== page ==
6 Judgements About The 'Nice Girl' That Need To Stop

6 Judgements About The 'Nice Girl' That Need To Stop

We're more than you think.

It's happened to me before.

I'm talking to someone, and I do something (something some people consider as oddly kind). Then, the words soon to follow:

"Oh, you're so nice."

When I hear those words, I cringe.

Actually, it's gotten to the point that one of my biggest phobias is being written off as "that nice girl."

Frankly, those three words are loaded with a lot of judgement and carry with them way more assumptions than people realize. Thank you, but I don't fit neatly into a one-size-fits all goody-two shoes profile.

Yes, I actually have individuality, and it might surprise you if you'd just stop seeing through all the "nice girl" assumptions you (often unknowingly) associate with us.

To all my girls who've been categorized as oh so nice, this one's for you.

To all my categorizers, please, see us as individuals and stop plastering the following judgements:

1. You have no backbone.

The oh-you're-so-nice can register in people's minds as oh-she's-never-gonna-stand-up to anybody.

News flash, kindness is not synonymous with doormat.

Yes, I may say something kind to someone or be "nice" to somebody you think is not-so-nice, but watch out for when my passions are ignited.

When I have an opinion, when I care about something, who are you to assume that I'm going to not stand up?

2. You care about harmony more than anything.

OK, flat out "no" to this one.

Just because I'm "nicely" concerned that other people are included and try to meet the needs of others (even emotional ones) does not mean that "harmony" is all I want.

Actually, sometimes it's the furthest thing that I desire.

I care more about having healthy relationships and communication than I do about having a "peaceful" situation where "everybody gets along." A lot of the times, living with relationships with that level of communication (which often means deep honesty and chance for offense) means open conflict.

Guess what? I (time after time after time) choose the conflict in order to have real relationships. Don't think I'm not capable of this.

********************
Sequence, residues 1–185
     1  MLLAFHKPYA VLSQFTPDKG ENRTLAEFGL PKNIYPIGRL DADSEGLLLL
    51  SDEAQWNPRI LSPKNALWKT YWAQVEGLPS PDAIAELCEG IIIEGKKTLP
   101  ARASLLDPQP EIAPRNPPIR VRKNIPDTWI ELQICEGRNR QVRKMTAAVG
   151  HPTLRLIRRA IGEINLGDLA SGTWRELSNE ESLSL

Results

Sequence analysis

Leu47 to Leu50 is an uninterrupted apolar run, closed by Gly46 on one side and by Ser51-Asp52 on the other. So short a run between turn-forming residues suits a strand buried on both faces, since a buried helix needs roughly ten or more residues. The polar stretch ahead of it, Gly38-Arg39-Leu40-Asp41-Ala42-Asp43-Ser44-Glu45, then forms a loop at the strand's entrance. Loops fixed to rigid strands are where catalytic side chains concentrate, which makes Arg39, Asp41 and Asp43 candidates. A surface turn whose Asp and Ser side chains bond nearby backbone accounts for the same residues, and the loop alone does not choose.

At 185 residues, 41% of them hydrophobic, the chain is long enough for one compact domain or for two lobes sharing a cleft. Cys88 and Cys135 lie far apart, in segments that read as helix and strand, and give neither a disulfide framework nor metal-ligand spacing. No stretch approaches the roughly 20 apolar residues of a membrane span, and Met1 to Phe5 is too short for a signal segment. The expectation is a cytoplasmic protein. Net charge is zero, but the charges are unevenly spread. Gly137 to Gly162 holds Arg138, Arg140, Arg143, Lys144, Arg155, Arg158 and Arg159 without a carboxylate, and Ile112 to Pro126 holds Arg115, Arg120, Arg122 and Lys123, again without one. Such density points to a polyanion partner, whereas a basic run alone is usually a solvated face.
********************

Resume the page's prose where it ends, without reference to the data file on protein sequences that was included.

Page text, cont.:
3. You have small, "nice" ambitions and dreams.

OK, just because I spoke kindly to a stranger doesn't mean that I'm abnormally hyper-altruistic and only desire to make the world a happier place filled with more sunshine and rainbows.

Sometimes, I'd actually prefer the rain and skip the rainbow because storms mean challenges and I love to overcome them.

Who are you to automatically assume that I'd like to keep the boat in the harbor and never try anything new? Why do you assume that I want everything to fit together so perfectly?

My dreams (if you were to actually ask) might surprise you.

They could involve world change. They could involve doing things that are extremely risky and incredibly hard. Yes, they could even involve doing things that "normal" not-nice people are too afraid to start.

You miss it all when you let a label slap over your eyes and blind you to the person actually in front of you.

4. You just want a "nice" life (and world).

My concept of a happy and meaningful world is not one where everyone joins hands and sings kumbaya around a campfire.

My concept of a happy and meaningful life is nowhere near having a white picket fence and while having two children and being in the know about organic baby food.

No (oh no).

I want a world where people are unafraid of their future and live with courage despite inevitable turbulent times. I want a world where people people learn what it means to be catalyzed with hope in a world that can seem so desperate.